2 Mechanical Energy: Energy possessed by an object due to its motion or its stored energy of position. Mechanical energy can be either kinetic energy (energy of motion) or potential energy (stored energy of position). Potential Energy (PE): Energy of position; energy that is stored and held in readiness. Includes chemical energy, such as fossil fuels, electric batteries, and the food we eat. Work: A force acting on an object to move it across a distance. Pushing, pulling, and lifting are common forms of work. Resources: PBS Learning Media: A great online resource for teachers powered by PBS. It contains videos, simulations, online games, lesson plans, projects, and background information and documents pertaining to a wide range of topics. The search feature will allow you to search Kinetic Energy or Potential Energy to pull up resources by grade. PhET Interactive Simulations: Administered by the University of Colorado Boulder, the website provides a variety of interactive simulations for science and math. It includes simulations dealing with motion, energy, power, and work. Newton s Cradle: An online interactive animation of Newton s Cradle created by Bryan Heisey and administered by Lock Haven University. Rube Goldberg: The official website for Rube Goldberg providing biographical information on the artist/engineer, his awards, career highlights, history, and legacy. Real World Physics Problems: The website provides links for the history, design, and physics of catapults and trebuchets. The Treb Challenge: Powered by GlobalSpec, this simulator/interactive game allows engineers to manipulate mass, angle, height, gravity, and wind to build and test a trebuchet. The three design challenges of distance, accuracy, and power make students reconsider design choices. At the end of each challenge physics and engineering facts are presented. The website is also a great resource for general engineering related information and research. Rolling Ball Sculptures: An Australian based artist, David Morrell combines science, engineering, and art in order to create interactive wire sculptures that transform gravitational potential energy to kinetic energy in different ways. A great source of inspiration for students. challenge- learning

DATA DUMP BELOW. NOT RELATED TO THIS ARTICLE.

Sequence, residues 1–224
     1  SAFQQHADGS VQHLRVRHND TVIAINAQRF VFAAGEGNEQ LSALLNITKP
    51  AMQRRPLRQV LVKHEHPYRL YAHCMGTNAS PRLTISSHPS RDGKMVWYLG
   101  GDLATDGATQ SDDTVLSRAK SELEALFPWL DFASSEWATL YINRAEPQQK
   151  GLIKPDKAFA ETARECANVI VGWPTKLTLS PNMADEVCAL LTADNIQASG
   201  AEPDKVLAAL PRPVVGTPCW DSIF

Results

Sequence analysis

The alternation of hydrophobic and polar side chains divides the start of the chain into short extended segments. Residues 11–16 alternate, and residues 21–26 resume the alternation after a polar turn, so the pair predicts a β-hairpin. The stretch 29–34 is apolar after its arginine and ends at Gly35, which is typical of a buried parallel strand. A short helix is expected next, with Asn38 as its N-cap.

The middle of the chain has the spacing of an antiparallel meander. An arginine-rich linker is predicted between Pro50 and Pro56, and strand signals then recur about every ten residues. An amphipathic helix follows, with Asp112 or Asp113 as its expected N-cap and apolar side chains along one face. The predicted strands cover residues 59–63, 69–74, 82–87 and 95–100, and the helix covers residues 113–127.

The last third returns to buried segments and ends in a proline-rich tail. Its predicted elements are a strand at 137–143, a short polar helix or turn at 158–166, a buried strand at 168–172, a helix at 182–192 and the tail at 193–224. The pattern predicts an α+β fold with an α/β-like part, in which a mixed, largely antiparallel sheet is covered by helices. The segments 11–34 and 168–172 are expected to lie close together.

3 Design Challenge Process: The Design Challenge Process is designed so students reinforce their science, mathematics, social studies, and language arts content knowledge, through an open-ended process that results in an original, team-driven solution. Students are expected to take responsibility for assessing their own progress and incorporate peer feedback as they conceptualize and redesign their projects. The process consists of three interconnected steps: Conceptualize Identify problem, materials, and constraints Brainstorm ideas and possible solutions Construct and Test Select a solution Design and construct Prototype Redesign or modify Retest Acquire Knowledge Research Share solutions Reflect and discuss Through the try, fail, learn approach, students develop skills and habits of mind of Silicon Valley innovators: creativity, problem solving, design, collaboration, leadership, risk-taking, perseverance, and learning from failure. Materials: Materials can be limiting or inspirational to students! Have a wide variety of materials to promote a diversity of solutions. Recycled items are really useful: old mouse pads, wood scraps, boxes, cardboard tubes, strawberry baskets, etc. Class Supplies to Share: Balloons Rubber Bands Paper Cups Tongue Depressors String Tape Drinking Straws Testing Supplies: Velcro Target (plate with Velcro strips) Velcro Balls (ping pong balls with Velcro strips) Pipe Cleaners Cardboard Cardstock Plastic Spoons Springs Binder Clips Craft Sticks Taped-off Launching Area Directed Instruction Newton s Cradle Spring-driven Top Spring-loaded Frisbee Gun Ball on an Elastic Band Bouncy Ball Slinky Rubber Popper Magnetic Gyro Wheel Wind-up Animal/Car Toy Catapult challenge- learning